Midleton CBS Past Pupils GS won the 75th William Dwyer Trophy last week and this is the third time that the society have won the event. Previous winners in 2002 and 2006, the society are long term supporters of the event, and last week they ran away from the field with three great scores. Paul Cashman and Bernard Cashman led out the PPU team and their gross 80 was converted to a nett 71 when their nine shots were counted. Midleton’s third pairing of Derek Coll and Maurice Conway were also in the red after they shot a nett 71, thanks in part to a one over par front nine. Bob Cotter and John Moloney weren’t too far off the pace, set by their team mates, they signed for a level par 72 which beat CBS’s fourth card from Michael John Roche and Cormac Carroll. It was one of the best scoring performances in a William Dwyer final for over a decade and the two under par total saw them win by a margin of six shots.
The format of foursomes meant that the score of 214 (-2) for the best three cards placed Midleton CBS as well deserved winners. Second place went the Blackrock based Mollies and Wilton Shopping Centre took third place just one shot behind Mollies. The other finalists were Blackrock Inn, Corner House Carrigaline, Lada Tour, Senior Circle 1 and Senior Circle 2. He Senior Circle had been hoping to create their own bit of history with a third win in a row but they finished up in the pack.
It was fitting that Cork Golf Club was the host club for the 75th staging of the event, with the prizegiving taking place in the clubhouse that was built by William Dwyer. In recent years the final has rotated between Cork, Douglas and Monkstown with the old Cork clubs supporting a long tradition in society golf. Ted Dwyer was on hand to present the famous cup and he told the large crowd a few stories about his grand uncle who gave his name to the trophy. Ted wasn’t slow in pointing out his own name on the famous trophy, as a member of the Insurance Institute team, he added his name almost 50 years ago. “It’s absolutely incredible to think that the names of every winner will be there for all time” said Ted, “My own name is on it from 1969, with the Insurance Institute. We had a packed team that year, Liam Higgins happened to be working with Pat Foley at the time and Jimmy Bowen was working on his own in the insurance industry so we had two full internationals on the team.” Ted went on to give everyone a little bit of background on the man behind the trophy, William Dwyer – or Billy as he was more popularly known. “Billy was my grandfather’s brother and he founded Sunbeam in 1928” recalled Ted. “He married a lady called Agnes Hardy, and Agnes won the Irish Ladies Close here in Cork Golf Club in 1928, the same year that Billy founded Sunbeam. He had left our own family company in Washington Street as he wanted to move into knitwear and the powers that be wouldn’t allow that, so he left and founded Sunbeam. He started in the Butter Market off Shandon Street and moved to Blackpool sometime after that. At one stage the Sunbeam Woolsey company had around 3,500 employees. He did some great work, he was a big employer and at that stage he had a doctor and a dentist employed in Sunbeam and he also had a sport facility for the employees in Tivoli. He was also involved in Cork Golf Club and he did one big thing of note. My father was Captain here in 1945 and the club house was burned down that year. The club had no money and Billy got his employees in Sunbeam to rebuild the clubhouse.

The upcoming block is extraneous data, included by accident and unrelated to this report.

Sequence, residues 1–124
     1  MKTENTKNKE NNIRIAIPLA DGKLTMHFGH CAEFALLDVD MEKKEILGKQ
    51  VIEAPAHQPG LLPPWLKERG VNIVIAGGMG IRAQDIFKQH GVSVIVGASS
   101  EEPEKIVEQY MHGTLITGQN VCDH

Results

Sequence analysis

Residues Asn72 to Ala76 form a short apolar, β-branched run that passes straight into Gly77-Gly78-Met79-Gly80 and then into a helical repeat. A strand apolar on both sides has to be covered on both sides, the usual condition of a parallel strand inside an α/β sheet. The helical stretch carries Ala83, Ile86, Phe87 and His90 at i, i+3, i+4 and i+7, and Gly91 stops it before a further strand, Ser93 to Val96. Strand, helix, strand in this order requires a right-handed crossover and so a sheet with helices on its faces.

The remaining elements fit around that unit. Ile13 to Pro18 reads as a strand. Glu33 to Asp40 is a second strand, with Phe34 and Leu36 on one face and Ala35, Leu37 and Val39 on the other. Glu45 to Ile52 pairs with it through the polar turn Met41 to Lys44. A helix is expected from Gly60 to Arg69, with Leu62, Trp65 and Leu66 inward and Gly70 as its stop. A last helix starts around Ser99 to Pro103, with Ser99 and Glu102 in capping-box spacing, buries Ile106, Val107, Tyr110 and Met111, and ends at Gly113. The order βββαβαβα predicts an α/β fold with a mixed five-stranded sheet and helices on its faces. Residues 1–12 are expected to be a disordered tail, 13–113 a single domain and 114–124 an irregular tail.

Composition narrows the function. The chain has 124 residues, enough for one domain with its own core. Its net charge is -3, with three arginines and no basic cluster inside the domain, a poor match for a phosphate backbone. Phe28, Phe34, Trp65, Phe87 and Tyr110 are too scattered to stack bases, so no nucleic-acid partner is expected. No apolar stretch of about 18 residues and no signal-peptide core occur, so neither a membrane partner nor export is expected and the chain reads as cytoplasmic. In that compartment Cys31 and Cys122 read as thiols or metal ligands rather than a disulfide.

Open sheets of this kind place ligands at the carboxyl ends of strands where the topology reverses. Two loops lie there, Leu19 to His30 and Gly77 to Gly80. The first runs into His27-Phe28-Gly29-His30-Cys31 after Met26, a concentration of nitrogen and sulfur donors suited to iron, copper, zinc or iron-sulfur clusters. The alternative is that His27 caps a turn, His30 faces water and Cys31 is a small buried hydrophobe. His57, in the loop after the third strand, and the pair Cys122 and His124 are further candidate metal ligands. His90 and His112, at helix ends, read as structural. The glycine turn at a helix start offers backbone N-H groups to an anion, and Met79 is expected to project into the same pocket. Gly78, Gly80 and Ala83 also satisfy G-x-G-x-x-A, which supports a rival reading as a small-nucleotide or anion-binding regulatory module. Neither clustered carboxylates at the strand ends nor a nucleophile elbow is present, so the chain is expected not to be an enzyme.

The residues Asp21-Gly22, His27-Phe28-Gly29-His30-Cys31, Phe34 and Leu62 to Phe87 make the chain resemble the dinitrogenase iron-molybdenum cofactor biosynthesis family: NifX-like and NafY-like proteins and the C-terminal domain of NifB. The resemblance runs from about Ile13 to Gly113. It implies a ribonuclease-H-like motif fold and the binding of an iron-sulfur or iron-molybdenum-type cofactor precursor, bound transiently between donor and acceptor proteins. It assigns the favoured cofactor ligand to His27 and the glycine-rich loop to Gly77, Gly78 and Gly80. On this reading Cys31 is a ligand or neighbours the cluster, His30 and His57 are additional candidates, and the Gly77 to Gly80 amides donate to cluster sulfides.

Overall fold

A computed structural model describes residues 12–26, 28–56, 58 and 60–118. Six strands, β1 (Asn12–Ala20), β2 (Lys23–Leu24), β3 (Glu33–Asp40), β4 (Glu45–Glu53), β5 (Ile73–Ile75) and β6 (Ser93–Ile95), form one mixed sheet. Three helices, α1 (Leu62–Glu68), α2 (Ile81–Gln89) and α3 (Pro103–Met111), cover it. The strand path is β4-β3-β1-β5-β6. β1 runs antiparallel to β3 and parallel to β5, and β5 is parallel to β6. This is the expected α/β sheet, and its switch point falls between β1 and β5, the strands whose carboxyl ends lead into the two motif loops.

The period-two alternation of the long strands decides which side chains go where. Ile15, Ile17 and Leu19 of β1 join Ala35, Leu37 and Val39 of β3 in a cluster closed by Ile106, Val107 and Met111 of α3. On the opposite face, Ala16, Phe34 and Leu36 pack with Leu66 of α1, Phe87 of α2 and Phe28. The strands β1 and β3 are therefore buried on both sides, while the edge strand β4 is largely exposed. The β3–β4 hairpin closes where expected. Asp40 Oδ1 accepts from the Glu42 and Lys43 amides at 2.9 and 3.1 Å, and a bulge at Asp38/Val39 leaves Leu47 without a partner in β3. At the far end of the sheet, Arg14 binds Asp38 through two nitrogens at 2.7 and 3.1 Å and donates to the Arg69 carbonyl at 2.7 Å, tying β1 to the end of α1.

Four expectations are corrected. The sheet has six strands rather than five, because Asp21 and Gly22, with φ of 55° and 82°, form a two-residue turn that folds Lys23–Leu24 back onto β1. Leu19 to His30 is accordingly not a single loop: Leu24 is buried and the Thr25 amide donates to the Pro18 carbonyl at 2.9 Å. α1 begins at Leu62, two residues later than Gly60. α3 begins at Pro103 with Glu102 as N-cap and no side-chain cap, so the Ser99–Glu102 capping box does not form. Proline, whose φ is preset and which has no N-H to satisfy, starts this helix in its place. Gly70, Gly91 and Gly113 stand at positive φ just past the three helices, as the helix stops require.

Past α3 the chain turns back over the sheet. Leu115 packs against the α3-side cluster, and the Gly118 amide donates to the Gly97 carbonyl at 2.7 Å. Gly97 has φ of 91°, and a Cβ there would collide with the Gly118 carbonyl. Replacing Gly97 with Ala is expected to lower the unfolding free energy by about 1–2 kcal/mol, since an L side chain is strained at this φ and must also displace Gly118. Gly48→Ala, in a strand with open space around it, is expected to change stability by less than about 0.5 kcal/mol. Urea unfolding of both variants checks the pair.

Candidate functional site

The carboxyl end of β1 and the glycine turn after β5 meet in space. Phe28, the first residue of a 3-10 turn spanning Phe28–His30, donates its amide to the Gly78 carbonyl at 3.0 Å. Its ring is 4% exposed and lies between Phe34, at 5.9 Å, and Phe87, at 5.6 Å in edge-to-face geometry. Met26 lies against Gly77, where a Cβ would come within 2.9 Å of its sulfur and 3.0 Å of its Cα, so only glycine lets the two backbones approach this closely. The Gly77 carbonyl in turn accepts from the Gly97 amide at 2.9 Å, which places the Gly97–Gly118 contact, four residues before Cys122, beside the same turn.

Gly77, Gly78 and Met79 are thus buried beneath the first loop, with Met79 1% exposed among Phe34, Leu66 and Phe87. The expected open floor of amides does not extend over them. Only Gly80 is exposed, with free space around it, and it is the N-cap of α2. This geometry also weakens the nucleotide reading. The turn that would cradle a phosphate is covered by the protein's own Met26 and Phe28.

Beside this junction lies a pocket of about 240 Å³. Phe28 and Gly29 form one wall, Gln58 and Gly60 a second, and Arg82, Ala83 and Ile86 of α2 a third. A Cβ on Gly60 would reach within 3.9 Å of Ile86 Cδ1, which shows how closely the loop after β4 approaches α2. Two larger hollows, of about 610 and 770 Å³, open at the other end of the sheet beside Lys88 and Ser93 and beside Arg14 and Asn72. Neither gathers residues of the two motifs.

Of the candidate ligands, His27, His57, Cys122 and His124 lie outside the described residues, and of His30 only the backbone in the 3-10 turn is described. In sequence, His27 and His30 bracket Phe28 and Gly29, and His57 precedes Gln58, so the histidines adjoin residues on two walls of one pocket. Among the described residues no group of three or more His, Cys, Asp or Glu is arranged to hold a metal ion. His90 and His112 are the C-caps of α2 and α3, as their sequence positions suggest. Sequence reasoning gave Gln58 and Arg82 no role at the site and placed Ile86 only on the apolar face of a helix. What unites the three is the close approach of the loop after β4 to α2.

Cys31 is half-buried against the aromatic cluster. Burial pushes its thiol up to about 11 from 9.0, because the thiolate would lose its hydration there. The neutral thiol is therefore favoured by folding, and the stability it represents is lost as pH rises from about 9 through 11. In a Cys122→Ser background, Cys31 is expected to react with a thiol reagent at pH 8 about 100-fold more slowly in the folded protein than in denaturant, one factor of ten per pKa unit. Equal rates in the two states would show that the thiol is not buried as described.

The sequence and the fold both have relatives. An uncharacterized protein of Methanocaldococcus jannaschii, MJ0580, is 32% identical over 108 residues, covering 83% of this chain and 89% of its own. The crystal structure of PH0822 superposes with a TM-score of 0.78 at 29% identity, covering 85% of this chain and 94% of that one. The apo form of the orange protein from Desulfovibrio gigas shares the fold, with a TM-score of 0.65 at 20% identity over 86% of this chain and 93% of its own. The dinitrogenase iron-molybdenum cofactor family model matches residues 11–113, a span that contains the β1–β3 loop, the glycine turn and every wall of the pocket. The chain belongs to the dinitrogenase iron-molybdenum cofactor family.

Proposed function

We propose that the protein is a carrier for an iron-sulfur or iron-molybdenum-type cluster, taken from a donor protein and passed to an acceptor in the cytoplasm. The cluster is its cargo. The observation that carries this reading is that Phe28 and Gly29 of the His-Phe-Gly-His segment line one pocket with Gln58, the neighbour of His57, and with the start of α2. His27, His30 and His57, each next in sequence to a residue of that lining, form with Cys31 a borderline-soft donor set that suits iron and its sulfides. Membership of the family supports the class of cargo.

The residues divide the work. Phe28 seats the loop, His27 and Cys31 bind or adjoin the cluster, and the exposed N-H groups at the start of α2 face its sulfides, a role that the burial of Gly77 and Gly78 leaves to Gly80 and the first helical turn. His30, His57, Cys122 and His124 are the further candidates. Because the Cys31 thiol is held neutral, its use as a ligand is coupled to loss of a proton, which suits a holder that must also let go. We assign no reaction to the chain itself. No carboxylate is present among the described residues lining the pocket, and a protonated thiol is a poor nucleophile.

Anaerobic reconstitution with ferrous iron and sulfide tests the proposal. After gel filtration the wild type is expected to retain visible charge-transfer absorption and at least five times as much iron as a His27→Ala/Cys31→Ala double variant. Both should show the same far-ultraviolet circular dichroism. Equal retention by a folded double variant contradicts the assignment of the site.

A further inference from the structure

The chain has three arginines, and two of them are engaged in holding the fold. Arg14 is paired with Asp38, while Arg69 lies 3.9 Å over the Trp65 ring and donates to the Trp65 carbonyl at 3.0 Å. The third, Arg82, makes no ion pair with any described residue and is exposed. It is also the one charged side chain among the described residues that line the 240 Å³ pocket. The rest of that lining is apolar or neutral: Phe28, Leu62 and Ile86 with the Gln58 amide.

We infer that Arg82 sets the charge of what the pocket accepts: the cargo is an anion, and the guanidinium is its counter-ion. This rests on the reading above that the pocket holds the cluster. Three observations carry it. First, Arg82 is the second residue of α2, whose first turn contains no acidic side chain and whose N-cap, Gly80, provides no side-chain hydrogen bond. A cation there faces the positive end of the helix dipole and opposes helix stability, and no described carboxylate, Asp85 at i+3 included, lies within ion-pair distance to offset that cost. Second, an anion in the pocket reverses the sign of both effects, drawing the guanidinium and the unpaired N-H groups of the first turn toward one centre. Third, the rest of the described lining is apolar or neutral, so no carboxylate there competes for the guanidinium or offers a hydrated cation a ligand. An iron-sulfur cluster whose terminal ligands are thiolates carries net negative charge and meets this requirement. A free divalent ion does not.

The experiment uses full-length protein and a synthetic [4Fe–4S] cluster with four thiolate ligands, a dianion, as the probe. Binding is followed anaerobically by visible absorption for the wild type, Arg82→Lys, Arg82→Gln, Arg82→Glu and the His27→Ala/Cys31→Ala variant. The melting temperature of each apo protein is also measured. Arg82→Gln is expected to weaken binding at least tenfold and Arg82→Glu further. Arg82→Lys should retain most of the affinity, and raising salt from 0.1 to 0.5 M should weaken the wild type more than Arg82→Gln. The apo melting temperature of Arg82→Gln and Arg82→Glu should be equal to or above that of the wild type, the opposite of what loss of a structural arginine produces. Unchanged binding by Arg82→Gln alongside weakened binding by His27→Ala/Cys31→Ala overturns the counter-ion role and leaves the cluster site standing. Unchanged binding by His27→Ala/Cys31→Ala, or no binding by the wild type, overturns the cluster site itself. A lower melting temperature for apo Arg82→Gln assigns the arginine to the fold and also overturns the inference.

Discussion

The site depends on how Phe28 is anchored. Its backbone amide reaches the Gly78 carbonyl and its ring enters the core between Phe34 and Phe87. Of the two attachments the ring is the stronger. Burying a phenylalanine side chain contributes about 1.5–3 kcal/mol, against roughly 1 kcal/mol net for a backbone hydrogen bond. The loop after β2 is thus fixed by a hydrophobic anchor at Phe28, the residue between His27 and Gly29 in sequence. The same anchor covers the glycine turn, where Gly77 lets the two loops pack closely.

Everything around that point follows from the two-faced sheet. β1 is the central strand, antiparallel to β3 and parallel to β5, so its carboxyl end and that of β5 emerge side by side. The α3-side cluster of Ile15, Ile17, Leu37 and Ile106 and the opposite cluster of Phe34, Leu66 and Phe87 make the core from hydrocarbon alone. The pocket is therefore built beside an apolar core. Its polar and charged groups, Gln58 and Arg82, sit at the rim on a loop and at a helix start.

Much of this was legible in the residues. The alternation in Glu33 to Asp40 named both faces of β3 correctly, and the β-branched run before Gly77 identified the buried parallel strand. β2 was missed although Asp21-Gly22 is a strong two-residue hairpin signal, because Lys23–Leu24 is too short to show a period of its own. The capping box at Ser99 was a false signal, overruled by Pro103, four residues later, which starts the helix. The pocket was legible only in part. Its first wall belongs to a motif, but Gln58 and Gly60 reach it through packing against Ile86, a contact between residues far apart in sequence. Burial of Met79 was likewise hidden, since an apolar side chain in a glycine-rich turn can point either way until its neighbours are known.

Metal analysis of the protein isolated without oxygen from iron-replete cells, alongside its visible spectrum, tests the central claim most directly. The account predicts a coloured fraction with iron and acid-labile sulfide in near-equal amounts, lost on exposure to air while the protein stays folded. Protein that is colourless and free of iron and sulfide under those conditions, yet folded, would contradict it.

The tournament was again run by Finbarr O’Callaghan and Paddy Brazil, Finbarr has ensured the enduring legacy of the famous competition for over twenty years, and assisted by Paddy Brazil for the best part of a decade. Finbarr took the opportunity to thank everyone for their help in staging another successful competition: I’d like to thank Cork Golf Club for hosting the 75th final and I’d like to thank Mahon Golf Course for providing the venue for the qualifiers. Thanks also to the twenty societies who entered this year and the society secretaries and captains for their help in organising the event this year.” After the a few lean years over the past decade, the inter society competition is now firmly back on track. Reducing the number from five pairs to four pairs has helped to rebuild the number of entrants and it’s hoped that 2018 will see a further increase in the number of societies taking part. It’s one of very few inter-society competitions, and it’s the only one that can trace its provenance all the way back to year in which it was founded. Strokeplay qualifiers take place in Mahon Golf Course every May with the final generally taking place in early July. Golf societies have seen a resurgence in the last year or two, with many societies now electing to play fewer events with a greater variety of courses being used to entice casual golfers to play.